Affordable College Textbook Act
Today, US Senators Durbin and Franken introduced the Affordable College Textbook Act for consideration by the US Senate. This act specifically supports the use of OER and open textbooks. From the press release:
Textbook costs are one of the most overlooked costs of going to college, but they can be substantial and can be a barrier to attaining a college education. According to College Board, the average student budget for college books and supplies during the 2012-2013 academic year was $1,200.
“Students can’t afford to pay $250 for a single textbook. In fact, U.S. PIRG found that seven of ten current college students have skipped buying a textbook because it was too expensive. It’s clear that the current big-publisher system isn’t working for students, and needs to change,” said U.S. PIRG Higher Education Associate Ethan Senack. “For students, the cost-saving potential of open textbooks is massive - around 80-100% compared to published textbooks. We thank Senators Durbin and Franken for championing this innovative solution to the high cost of textbooks.”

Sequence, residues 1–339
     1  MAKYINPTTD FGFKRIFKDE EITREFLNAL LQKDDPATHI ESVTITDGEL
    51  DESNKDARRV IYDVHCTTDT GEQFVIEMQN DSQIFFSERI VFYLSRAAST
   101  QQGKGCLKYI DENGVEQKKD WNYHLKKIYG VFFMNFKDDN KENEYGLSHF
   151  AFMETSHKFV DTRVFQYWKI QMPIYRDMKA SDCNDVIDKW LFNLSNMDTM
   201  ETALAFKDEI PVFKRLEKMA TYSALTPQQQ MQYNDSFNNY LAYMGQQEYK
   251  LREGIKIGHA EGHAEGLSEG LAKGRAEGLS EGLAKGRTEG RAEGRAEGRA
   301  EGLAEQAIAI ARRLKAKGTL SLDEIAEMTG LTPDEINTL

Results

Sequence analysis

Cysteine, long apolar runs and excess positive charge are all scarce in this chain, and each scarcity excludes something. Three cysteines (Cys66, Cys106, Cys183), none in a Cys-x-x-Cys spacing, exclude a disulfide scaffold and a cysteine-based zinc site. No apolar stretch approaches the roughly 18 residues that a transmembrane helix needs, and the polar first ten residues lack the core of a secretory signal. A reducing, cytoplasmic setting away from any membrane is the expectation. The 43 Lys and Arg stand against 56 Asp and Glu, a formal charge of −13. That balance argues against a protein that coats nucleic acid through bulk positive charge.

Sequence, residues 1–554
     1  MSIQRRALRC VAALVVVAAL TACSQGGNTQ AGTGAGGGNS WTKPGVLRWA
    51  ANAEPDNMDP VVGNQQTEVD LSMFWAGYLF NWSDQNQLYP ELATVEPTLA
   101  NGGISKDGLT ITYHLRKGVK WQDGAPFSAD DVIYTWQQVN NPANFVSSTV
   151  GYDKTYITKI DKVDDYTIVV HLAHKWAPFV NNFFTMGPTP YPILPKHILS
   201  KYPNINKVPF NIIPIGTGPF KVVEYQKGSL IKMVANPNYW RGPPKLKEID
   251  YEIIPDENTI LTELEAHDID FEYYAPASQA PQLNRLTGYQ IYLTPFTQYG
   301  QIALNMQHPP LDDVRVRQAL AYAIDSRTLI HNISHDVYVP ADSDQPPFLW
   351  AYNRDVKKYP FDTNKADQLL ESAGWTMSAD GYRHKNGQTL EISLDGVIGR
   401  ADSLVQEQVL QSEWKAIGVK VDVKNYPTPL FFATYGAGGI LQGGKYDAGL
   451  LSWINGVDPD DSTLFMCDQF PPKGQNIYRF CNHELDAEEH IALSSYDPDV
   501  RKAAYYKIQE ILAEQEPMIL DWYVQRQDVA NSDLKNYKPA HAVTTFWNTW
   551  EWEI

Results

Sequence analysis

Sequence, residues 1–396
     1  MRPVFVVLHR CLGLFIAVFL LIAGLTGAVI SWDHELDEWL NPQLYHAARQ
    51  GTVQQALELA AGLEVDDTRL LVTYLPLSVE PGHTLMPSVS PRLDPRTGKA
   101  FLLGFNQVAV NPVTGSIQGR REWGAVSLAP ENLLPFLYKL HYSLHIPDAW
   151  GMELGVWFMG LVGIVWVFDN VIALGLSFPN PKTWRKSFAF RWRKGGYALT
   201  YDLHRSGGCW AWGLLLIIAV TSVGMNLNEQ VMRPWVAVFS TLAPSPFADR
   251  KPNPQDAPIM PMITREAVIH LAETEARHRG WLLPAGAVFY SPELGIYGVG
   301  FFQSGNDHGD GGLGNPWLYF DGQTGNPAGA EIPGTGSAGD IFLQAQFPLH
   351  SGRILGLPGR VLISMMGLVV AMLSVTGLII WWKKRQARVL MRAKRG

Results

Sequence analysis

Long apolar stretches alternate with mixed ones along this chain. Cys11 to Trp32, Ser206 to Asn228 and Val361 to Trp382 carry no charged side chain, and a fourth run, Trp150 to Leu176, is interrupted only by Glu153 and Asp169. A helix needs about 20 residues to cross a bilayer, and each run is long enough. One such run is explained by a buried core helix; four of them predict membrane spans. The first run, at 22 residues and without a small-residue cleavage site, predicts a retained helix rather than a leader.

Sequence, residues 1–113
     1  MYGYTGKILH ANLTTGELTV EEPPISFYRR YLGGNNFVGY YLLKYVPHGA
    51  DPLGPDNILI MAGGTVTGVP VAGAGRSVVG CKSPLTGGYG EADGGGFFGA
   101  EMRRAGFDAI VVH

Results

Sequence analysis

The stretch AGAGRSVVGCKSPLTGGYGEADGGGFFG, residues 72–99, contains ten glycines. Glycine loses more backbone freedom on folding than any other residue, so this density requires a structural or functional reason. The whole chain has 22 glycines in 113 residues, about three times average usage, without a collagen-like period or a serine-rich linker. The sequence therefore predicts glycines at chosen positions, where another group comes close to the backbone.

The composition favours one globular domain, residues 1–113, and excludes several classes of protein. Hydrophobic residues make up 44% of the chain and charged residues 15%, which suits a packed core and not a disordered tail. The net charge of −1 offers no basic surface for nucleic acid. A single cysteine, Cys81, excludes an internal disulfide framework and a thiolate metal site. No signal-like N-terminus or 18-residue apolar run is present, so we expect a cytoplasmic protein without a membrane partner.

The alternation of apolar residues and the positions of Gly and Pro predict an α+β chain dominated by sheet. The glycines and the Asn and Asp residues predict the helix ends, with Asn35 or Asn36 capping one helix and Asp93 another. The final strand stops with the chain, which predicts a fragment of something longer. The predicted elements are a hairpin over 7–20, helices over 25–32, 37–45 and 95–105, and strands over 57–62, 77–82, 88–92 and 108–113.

Specifically, the Affordable College Textbook Act:
- Creates a grant program to support pilot programs at colleges and universities to create and expand the use of open textbooks with priority for those programs that will achieve the highest savings for students;
- Ensures that any open textbooks or educational materials created using program funds will be freely and easily accessible to the public;
- Requires entities who receive funds to complete a report on the effectiveness of the program in achieving savings for students;
- Improves existing requirements for publishers to make all textbooks and other educational materials available for sale individually rather than as a bundle; and
- Requires the Government Accountability Office to report to Congress by 2017 with an update on the price trends of college textbooks.
Among the supoorting organisations are Creative Commons and the OpenCourseWare Consortium.
This act is very good news. It brings very high level attention to OER.
No feedback yet
Form is loading...